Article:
5 Questions for Composer Maria Kallionpää

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Dr. Maria Kallionpää is an internationally active composer, pianist, and toy piano performer. She was a holder of the AHRC and Scatcherd European Scholarships in 2010-2013 at the Oxford University and won the first prize of the OUPHIL composition competition in 2013. Moreover, she has graduated from the Royal Academy of Music and Universität für Musik und Darstellende Kunst Wien. Her works have been presented, for example, at Musikverein Wien, Philharmonie Luxembourg, and Sibiu Philharmonia. In 2011 Kallionpää was a composer in residence of the Turku European Culture Capital and a finalist of the Tenso European Chamber Choir Composition Competition. Kallionpaa has participated to various mixed-art projects incorporating film, video art, and theatre. soundcloud.com/m-kallionpaa

Maria Kallionpää will join colleagues from across the globe at the 2016 Florida International Toy Piano Festival in January 2016 presented by The New Music Conflagration, Inc.

1) How did you first become interested in the toy piano as a concert instrument?
I studied electroacoustic composition in Vienna.  My professor Karlheinz Essl introduced me to toy piano music: he has written many works for it and asked if I wanted to perform his composition “Sequitur V” (for toy piano and electronics). I have since then performed the piece several times in different occasions and also discussed it in my Phd thesis. I started to compose my own toy piano works in Vienna, too.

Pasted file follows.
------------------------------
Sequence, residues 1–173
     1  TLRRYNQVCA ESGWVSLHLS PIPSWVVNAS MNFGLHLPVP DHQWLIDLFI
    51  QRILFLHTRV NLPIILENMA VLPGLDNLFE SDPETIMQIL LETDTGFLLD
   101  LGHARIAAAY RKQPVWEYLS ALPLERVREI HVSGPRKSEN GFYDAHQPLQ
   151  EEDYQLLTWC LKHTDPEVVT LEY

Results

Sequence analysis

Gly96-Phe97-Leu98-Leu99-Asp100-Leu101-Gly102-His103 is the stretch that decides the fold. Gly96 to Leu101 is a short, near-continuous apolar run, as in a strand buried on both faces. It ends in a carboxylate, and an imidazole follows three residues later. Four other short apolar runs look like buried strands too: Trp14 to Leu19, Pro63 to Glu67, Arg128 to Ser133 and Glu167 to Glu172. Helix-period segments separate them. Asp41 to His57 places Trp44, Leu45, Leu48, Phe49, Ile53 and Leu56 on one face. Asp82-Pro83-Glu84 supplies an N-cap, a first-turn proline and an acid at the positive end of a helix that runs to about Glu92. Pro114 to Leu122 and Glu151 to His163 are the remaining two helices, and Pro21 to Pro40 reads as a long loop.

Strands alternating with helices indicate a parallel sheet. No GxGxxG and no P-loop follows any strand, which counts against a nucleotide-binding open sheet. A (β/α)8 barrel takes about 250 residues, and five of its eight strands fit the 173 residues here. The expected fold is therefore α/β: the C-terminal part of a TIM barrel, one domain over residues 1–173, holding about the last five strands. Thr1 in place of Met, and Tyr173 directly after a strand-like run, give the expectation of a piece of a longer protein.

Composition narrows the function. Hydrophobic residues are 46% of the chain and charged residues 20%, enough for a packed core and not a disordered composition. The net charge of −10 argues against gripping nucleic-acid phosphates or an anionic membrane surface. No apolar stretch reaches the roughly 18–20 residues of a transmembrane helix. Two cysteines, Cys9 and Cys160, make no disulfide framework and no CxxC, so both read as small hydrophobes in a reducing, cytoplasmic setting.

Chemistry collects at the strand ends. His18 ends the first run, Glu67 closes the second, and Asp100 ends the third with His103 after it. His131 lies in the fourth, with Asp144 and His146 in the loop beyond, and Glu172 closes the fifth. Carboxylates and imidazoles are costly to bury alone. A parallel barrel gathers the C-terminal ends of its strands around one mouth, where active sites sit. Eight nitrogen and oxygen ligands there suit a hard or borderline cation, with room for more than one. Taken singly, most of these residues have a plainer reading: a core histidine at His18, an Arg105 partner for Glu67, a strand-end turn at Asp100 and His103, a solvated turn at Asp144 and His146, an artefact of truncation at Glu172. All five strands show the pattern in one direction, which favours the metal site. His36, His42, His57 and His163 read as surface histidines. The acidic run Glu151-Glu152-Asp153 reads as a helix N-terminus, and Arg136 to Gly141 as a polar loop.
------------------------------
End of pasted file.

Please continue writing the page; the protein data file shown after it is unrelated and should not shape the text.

2) What influenced you to come to the festival?
A few years ago I visited as a composer another toy piano festival at Philharmonie Luxembourg. It was a very positive and inspiring experience. Once I saw the call for scores of this festival I immediately knew that I wanted to participate.   

3) Who is your favorite toy piano composer and why?
I like John Cage a lot because he was one of the first  composers who discovered the unique sonic possibilities of this very special instrument. Also Karlheinz Essl´s innovative use of toy piano in conjunction with electronics has significantly contributed to the development of toy piano repertoire.  

4) What do you see as the future of toy piano?
I see more and more pianists and composers getting interested in it. Because a great deal of toy piano compositions are rather new, a certain burden of lengthy performance tradition is missing. The performers can create their very own interpretations, which often cannot be taken for granted.

5) What local place or thing are you most excited to experience during your visit to the Tampa Bay Area for the festival?
I would like to get to know with the local music culture and of course other toy pianists and composers. It´s going to be exciting!



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